I loved Nicholas Hytner’s Julius Caesar  at London’s Bridge Theatre, and one of the reasons I enjoyed it so much was because standing tickets allow you to be right in the thick of the action. It’s a rare example – along with Shakespeare’s Globe – where the less you pay for your ticket, the better your view and experience.
There was one long scene in Julius Caesar where I could have stretched out my hand and touched Ben Whishaw’s Brutus and Michelle Fairley’s Cassius. Of course, there is a price to be paid in aching backs and legs, and it’s not ideal for the heavily pregnant, the disabled or elderly. You have to be prepared to get in the thick of things.
But for most of us, the experience is so visceral and immediate that I can’t imagine why anyone would want to pay £95 to sit down. One of the many reasons I like promenade-style shows is that they introduce some democracy into the theatre.
In the West End, where most theatres were built in an era of strict social stratification, it is still the case that the more you pay, the better your seat. But promenade theatre smashes that stratification and rewards both engagement and a willingness to take part in a way that being slumped in a seat does not.
The introduction of premium seats ensures that those with money can snore their way through sold-out shows while those who really want to be there watch from the gods
The introduction of premium seats ensures that those with money can snore their way through sold-out shows while those who really want to be there either fail to secure a ticket at a reasonable price or watch from the gods in seats that detract from the viewing experience. Whatever some may claim, many West End theatres are simply not fit for purpose in the 21st century: the creaky old buildings define the kind of work and acting that they can house.
An engaged audience, whether it’s standing in the pit or sitting in the stalls or circle, carries energy to the furthest corners of an auditorium. It makes a contribution.
One of the pleasures of seeing a show at Theatre Royal Stratford East  is the way the audience is often in dialogue with the stage. Audience members may be noisy, they may even talk, but, if they do, it’s about the show. In Nottingham recently to see Beth Steel’s terrific Wonderland, it was evident from the audience reactions that this was a play speaking directly to them. Sometimes they were vocal about it, particularly when Margaret Thatcher’s voice was heard.
I often wonder whether there is a connection between rising ticket prices – particularly in the West End, where tickets can cost more than a weekend in Spain – and increasing complaints about other audience members’ behaviour .
The more theatre tickets are out of reach of ordinary people on average household budgets, the more those who have purchased at top whack want to jealously guard the quality of their experience. But a theatre is not a church; the ancient Greeks didn’t experience theatre in reverent silence.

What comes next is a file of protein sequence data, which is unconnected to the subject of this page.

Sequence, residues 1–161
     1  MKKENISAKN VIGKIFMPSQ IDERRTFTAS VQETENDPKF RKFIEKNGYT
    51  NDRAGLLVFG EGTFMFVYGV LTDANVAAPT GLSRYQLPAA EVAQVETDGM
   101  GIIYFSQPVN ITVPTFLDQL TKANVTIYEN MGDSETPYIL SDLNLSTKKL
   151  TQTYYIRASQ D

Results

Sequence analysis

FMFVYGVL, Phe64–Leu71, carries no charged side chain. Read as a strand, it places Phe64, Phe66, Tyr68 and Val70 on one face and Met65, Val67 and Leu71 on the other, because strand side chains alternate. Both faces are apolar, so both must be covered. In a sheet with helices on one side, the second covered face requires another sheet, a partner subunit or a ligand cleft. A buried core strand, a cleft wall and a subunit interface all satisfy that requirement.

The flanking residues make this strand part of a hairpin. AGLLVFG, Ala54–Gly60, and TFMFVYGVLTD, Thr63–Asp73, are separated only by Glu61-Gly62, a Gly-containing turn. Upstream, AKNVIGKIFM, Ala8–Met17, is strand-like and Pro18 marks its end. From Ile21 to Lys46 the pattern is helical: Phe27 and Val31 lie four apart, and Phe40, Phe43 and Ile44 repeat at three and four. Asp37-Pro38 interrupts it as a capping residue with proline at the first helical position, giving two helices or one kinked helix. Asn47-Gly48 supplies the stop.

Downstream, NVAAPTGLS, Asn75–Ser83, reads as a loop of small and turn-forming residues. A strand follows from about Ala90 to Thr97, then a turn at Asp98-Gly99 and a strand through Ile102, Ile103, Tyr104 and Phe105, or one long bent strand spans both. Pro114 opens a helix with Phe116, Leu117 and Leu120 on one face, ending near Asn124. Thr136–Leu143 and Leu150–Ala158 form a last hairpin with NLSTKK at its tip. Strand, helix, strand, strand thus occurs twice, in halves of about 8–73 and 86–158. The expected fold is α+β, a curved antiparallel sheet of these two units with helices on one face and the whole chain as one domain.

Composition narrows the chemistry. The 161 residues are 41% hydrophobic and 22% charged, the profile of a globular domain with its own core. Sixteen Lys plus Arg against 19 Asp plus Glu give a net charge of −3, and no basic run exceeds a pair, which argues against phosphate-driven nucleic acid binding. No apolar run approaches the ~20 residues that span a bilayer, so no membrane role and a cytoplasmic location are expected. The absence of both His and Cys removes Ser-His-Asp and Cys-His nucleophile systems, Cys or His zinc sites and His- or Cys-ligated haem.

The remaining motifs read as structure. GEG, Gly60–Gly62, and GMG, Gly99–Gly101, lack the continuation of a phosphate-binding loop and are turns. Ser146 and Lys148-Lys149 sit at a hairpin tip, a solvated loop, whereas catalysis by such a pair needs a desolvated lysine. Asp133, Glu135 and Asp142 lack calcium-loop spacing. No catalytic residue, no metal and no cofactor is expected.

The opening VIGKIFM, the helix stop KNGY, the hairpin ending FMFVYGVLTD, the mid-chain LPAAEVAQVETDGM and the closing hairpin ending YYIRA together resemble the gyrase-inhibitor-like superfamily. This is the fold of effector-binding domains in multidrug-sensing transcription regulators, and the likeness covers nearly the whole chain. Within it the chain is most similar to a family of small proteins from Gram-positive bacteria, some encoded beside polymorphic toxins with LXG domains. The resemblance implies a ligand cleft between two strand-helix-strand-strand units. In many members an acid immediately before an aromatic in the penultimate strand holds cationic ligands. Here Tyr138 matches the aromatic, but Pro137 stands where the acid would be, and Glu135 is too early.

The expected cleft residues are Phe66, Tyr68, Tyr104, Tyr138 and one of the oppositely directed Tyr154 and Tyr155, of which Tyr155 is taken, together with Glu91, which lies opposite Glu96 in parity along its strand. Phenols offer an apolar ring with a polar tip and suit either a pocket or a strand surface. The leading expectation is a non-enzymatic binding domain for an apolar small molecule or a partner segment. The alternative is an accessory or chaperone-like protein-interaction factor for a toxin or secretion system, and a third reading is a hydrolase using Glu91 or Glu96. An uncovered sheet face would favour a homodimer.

As a critic, I am now lucky enough to sit in the best seats, but well into my 20s I saw so many shows from the gods that I was well acquainted with the bald spots of many of our leading thespians. Most recently, I saw Andrew Scott’s Hamlet  from the cheap seats and it didn’t affect my pleasure in the slightest. A terrific show makes you forget discomfort, whether it stems from a broken heart or a numbed bum.
But a great deal of theatre is not that good. And you remain acutely aware of your discomfort when occupying a less-than-good seat in a playhouse designed for a very different kind of production.
It feels woefully deficient to young audiences brought up consuming film and television series on the intimacy of their laptops. Over recent years I’ve noticed my theatre-loving students becoming increasingly resistant to shows that fail in offering those in the cheap seats a quality experience.
It’s why it strikes me as insane that young theatregoers often find themselves sitting in the worst seats in the house. It’s good that theatres sell cheaper seats to students, or offer under-served communities the chance to access theatre, but not so good if it puts people off seeing theatre for life.
If groups of youngsters behave poorly in the theatre it may be less to do with not knowing the rules and more with the fact that they are sitting in seats with restricted views, poor sight lines and are so far away from the action that it could be happening on Mars.
It’s all very well saying that the older among us grew up experiencing theatre in such a fashion and it didn’t put us off it. But when I was growing up in the 1970s there wasn’t the choice of entertainment at the press of a button that younger people have today. I understand that producers and theatres want to get the best possible return on every seat they sell today, but it’s short-sighted if in the process they pay such scant regard to the audiences of tomorrow.